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Modifying the P1v... theoretically speaking

This is actually about the P2v, but I am putting it here, because I don't want to distract Chip at this point.

Let's say that I wanted the to modify the P1v to eliminate all code that didn't support a very limited subset of the instructions.

Is it possible to create a script to go through the Verilog and eliminate everything that wasn't needed by any of those instruction?

Thanks,

Rich

Comments

  • 6 Comments sorted by Date Added Votes
  • jmgjmg Posts: 11,533
    rjo__ wrote: »
    Let's say that I wanted the to modify the P1v to eliminate all code that didn't support a very limited subset of the instructions.
    Why do you want to do that ?
    How do you select/choose that "very limited subset of the instructions" ?

    rjo__ wrote: »
    Is it possible to create a script to go through the Verilog and eliminate everything that wasn't needed by any of those instruction?
    Anything is possible ;)
    It gets tricky, based on how variable/fluid that "very limited subset" actually is, and how end to end automated you expect this to be....
    You certainly could remove items not commonly used, like Video generation, (already version that do this).

    You could remove opcodes manually easily enough with Verilog conditionals, and see what the LUT usage saving was.
    Or, you may be able to microcode some, to still be there, but execute more slowly.
  • rjo__rjo__ Posts: 1,940
    edited April 6 Vote Up0Vote Down
    Many thanks.

    Let's say I have a program... which by nature uses very few opcodes. I would list the opcodes... and then as if by magic, I would run a script, which would remove everything that wasn't used by my opcodes... not just other opcodes but the dependencies of the unused opcodes, which aren't dependencies of my opcodes.

    I suppose that it would actually have to do the opposite of what I have described... list the opcodes and then add the dependencies.

    I haven't decided that I want to do this, yet. I'm just trying to figure out if it belongs in my thinking at all.

    For other people for instance, it might make understanding Verilog a lot easier...rather than wander through all of the code, just the interesting bits could be separated out.

    I have used both Perl and Tcl... but it was a long time ago and I just skimmed the surface. Both are supported by Quartus, but from the samples I have seen it isn't clear that either would be at all straight forward or even capable.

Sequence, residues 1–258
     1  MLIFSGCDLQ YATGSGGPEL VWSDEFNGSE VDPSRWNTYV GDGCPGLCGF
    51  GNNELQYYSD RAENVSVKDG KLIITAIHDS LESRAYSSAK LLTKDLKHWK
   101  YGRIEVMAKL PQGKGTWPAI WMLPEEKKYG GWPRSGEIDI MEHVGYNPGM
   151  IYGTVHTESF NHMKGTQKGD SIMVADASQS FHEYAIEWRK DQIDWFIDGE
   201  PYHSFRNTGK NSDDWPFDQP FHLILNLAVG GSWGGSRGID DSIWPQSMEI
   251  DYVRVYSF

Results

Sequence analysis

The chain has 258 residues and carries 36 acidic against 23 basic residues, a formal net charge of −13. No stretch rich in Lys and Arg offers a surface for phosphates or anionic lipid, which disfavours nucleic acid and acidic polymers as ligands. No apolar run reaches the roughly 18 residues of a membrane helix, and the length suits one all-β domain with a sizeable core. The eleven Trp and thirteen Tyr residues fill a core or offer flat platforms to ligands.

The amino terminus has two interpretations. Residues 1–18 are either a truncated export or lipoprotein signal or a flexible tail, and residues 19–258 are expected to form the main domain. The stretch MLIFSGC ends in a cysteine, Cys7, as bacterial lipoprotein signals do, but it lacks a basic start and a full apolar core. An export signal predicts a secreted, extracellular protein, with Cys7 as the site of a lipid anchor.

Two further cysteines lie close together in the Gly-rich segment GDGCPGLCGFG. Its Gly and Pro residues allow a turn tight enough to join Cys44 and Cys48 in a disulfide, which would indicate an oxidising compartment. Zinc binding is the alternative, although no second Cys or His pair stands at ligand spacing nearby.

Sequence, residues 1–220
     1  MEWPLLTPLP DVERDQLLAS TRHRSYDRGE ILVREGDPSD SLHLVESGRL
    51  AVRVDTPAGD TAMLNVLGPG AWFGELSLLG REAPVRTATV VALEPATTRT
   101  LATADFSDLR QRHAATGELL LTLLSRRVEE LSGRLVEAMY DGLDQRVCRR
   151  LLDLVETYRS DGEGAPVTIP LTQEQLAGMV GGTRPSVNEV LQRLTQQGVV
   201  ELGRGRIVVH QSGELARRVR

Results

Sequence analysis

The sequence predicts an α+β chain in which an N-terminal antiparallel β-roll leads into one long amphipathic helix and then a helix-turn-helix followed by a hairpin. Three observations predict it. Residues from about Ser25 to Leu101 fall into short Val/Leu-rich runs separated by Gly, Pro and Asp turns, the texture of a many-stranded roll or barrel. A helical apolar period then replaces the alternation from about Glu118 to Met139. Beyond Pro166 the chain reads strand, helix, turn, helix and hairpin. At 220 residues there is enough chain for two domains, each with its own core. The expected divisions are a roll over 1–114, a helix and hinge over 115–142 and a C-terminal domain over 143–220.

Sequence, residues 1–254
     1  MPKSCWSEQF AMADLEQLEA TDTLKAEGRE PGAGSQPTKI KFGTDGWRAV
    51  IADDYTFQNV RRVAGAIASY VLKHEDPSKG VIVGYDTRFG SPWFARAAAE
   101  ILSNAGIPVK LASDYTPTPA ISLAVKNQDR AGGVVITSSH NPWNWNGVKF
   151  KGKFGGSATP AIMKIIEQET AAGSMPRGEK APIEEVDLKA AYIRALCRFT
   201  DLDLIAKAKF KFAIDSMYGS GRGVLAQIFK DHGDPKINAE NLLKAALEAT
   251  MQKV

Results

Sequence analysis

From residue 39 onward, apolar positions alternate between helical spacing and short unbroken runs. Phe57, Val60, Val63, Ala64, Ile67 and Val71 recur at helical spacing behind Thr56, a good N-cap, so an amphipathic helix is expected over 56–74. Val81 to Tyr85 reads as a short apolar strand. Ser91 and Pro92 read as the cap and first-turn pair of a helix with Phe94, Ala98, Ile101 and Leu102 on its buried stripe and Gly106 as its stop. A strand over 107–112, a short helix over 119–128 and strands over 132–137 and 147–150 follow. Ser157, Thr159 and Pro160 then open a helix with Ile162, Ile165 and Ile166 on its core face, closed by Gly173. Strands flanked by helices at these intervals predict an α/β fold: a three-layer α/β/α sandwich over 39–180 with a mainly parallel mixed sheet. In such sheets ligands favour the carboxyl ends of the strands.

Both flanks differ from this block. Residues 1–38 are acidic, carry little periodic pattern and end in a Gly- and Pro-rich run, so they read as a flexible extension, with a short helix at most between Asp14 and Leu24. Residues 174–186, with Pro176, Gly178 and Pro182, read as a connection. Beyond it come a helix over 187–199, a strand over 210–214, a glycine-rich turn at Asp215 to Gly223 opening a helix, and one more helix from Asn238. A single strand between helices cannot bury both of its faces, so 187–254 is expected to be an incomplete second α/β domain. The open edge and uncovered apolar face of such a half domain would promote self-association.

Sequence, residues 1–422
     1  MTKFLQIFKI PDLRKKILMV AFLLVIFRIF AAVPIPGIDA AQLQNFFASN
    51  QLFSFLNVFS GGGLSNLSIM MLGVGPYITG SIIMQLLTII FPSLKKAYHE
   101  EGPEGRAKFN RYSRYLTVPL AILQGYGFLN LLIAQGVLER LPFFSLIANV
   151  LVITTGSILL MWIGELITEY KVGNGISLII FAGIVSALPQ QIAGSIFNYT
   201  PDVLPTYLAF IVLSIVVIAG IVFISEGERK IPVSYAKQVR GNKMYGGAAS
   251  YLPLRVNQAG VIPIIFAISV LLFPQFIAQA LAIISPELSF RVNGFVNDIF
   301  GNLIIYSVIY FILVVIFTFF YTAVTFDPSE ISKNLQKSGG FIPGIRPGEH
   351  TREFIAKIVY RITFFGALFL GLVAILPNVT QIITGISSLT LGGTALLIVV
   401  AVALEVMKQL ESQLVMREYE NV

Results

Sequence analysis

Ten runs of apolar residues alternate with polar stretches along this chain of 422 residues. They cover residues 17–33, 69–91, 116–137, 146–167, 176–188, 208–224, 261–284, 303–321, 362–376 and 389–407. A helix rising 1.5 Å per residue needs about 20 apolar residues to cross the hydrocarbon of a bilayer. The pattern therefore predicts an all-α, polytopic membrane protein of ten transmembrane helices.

What I am talking about seems like it should be already available as an automation tool for Verilog...














  • jmgjmg Posts: 11,533
    rjo__ wrote: »
    What I am talking about seems like it should be already available as an automation tool for Verilog...

    I think I saw a somewhat contrived example of this, sometime back in a NXP example of a small MCU running in their largest CPLD.
    Of course, the CPLD was far more expensive than any equivalent dedicated MCU, and the code size was very small, but marketing is marketing...

    IIRC that did 'unused opcode removal', I think achieved by compile of the CODE ROM into logic, and then the optimizer removed any unused logic.
    In the P1V, there are not many opcodes, and not many 'fat' looking ones.

    First thing would be to generate a table of each opcode, and its incremental LUT cost. That would be interesting & some scripts may helps generate that.

    Maybe MAX and MIN can be deprecated and some of the rotate ops could need many muxes for the any-count nature.

    It's more likely someone would want to remove an opcode, in order to replace it with something more useful.
    There are already gaps in the opcodes to allow doing that, without needing to get more complicated and less portable.

    eg DOCs say
    6.1.1. Words Reserved for Future Use
    Memory Space : DIRB, INB, and OUTB: Reserved for future use with a possible 64 I/O pin model. When used with the P8X32A, these labels can be used to access Cog RAM at those locations for general-purpose use.
    Opcodes: ENC, MUL, MULS, ONES: Use with the current P8X32A architecture yields indeterminate results.














  • By strange coincidence OzPropDev and I were talking about exact thing this week. His comment was it would need a special 'P1V generator' to strip out the verilog associated with unused instructions

    The context was how many "hobbled" cogs might fit in very small fpgas, eg 4K LE's. It turns out in the small (3x3, 4x4mm) max10's there's only 2kLE or 8kLE anyway.

    It would be good to explore this, but probably more important to test P2 final images right at the moment
  • At one stage I compiled a few variations to determine instruction groups LE requirements.

    There are instruction groups that share Verilog code. To automatically remove single instructions would be quite a complex feat IMHO.
  • Tubular wrote: »
    By strange coincidence OzPropDev and I were talking about exact thing this week. His comment was it would need a special 'P1V generator' to strip out the verilog associated with unused instructions


    Problem solved!!! It is possible, and it has already been considered. At this point in P2 testing Brian is key... so later, but it is good news.

    Thanks
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